My version of Easter lacks the radical Christian religiosity that Nichola laid out in her recent post about Good Friday as a time “to look at the crucifixions necessary to preserve the fiction of Pax Americana, or any false peace maintained by force, whether violent or hegemonic.” It lacks the progressive rethinking of the resurrection narrative that Rabbi Lerner highlighted in his spiritual wisdom of the week post with a quotation from Peter Rollins. But it’s still one of my favorite holidays of the year.
On its surface, the humanist Easter I grew up with may have seemed drained of meaning to religious onlookers, but it was actually highly ritualized and deep in its own way. I want to share my family’s three main rituals — an Easter eve afternoon of collaborative egg art, the collective reading aloud of a surprisingly feminist bunny book from the 1930s, and a morning of romping, outdoor egg hunts in bitter spring weather — as a resource for nonreligious families who want to celebrate a secular Easter that’s about more than just candy.
Why is there an olive on the Seder plate? Why is there an orange on the seder plate? And how can the liberation story of Passover relate to our modern-day struggles against oppression? Traditional Passover haggadot (the books of readings used at seder services) are full of answers but not to these questions. But then again, most seder plates don’t have olives and oranges on them …
I’m always interested in efforts to reclaim, reinvent, or renew religious holidays in ways that make them newly sustaining and politically energizing, so I was excited to learn through my friend Traci of a radical, anti-racist haggadah full of poetic writing and ideas about how to find new relevance and depth in the rituals of Passover: “The Love and Justice in Times of War Haggadah Zine” by Micah Bazant and Dara Silverman. The authors intentionally did not copyright the piece and have made it available for free on the web, encouraging people to print it out and use it as the basis for a “choose-your-own-adventure progressive seder.” Traci used the zine as the basis for a joyful and politicized seder that I had the pleasure of participating in earlier this week.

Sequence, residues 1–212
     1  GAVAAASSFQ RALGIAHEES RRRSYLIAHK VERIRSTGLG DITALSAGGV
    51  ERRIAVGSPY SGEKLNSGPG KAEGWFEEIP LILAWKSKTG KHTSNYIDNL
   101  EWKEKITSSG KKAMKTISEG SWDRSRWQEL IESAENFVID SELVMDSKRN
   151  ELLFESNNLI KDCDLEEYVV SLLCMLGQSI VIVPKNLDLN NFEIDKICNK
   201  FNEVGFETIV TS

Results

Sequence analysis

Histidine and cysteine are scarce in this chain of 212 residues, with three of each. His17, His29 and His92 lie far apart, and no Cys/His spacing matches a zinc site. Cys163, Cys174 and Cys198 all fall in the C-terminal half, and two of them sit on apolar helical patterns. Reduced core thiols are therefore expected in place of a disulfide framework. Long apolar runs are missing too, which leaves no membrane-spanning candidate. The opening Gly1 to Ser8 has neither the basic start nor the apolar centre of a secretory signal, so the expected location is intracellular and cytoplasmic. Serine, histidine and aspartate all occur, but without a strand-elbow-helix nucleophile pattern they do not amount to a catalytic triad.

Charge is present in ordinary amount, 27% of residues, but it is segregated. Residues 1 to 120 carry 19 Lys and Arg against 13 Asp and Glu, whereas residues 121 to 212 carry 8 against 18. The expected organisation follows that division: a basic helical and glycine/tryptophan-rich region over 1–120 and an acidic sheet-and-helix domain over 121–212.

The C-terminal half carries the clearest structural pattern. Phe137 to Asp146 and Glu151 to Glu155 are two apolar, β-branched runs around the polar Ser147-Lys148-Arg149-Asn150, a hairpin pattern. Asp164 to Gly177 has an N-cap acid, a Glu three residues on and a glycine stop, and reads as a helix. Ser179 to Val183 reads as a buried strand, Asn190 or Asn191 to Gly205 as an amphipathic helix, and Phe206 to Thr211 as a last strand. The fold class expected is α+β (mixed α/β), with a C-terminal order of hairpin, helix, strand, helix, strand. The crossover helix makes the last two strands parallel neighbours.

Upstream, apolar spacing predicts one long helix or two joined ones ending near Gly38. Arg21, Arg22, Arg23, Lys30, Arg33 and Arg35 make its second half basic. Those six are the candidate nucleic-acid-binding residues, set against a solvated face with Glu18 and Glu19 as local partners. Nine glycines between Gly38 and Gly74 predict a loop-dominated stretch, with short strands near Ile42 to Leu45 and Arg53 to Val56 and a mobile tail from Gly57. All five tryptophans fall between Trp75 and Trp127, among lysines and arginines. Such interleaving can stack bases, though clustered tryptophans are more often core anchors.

by: Joshua Stanton on March 4th, 2010 | Comments Off
On February 24, Rev. Paul Raushenbush issued a call for articles entitled “Dear Religious (and Sane) America” to inaugurate the launch of the Huffington Post’s new religion section. According to the article,
HuffPost Religion is dedicated to providing a provocative, respectful, and hopefully productive forum for addressing the ways in which religion intersects our personal, communal, national and international life. HuffPost Religion will demonstrate the vibrant diversity of religious traditions, perspectives and experiences that exist alongside and inform one another in America and throughout the world.
Huffington is clearly trying to expand its reach and become one of the big players in religion media, much as it already has in politics, popular culture, and even business. Based on initial responses to the section, it appears to be well on its way.
In one image a winged bird flaps her wings but remains rooted to the ground. In another a fork-headed monster rushes by, a small bird fluttering at its heart. Nearby a masked bundle of writing appears to be stuck in a toilet bowl.
These are just a few of the uncanny creatures that emerged three years ago when some friends and I started playing “exquisite corpse,” a collaborative drawing game invented by surrealists in the 1920s.
So many of the drawings evoke unexpected scenes of constraint. The creatures are tangled up in themselves. They’re tangled up in each other. They’re tangled up in the surrounding environment. But unlike most images of constraint in pop culture today, most of the drawings portray structural constraints (such as the bird’s physical rootedness in the ground) rather than overt scenes of domination. Many of the surrealist creatures seem oddly joyful and calm despite their limitations.
The subtle entanglements in these pictures are not unlike the constraints that global political, social, and economic forces exert on radical efforts to build a more just and caring world.
(To see more collaborative drawings, visit the Tikkun Daily Art Gallery.)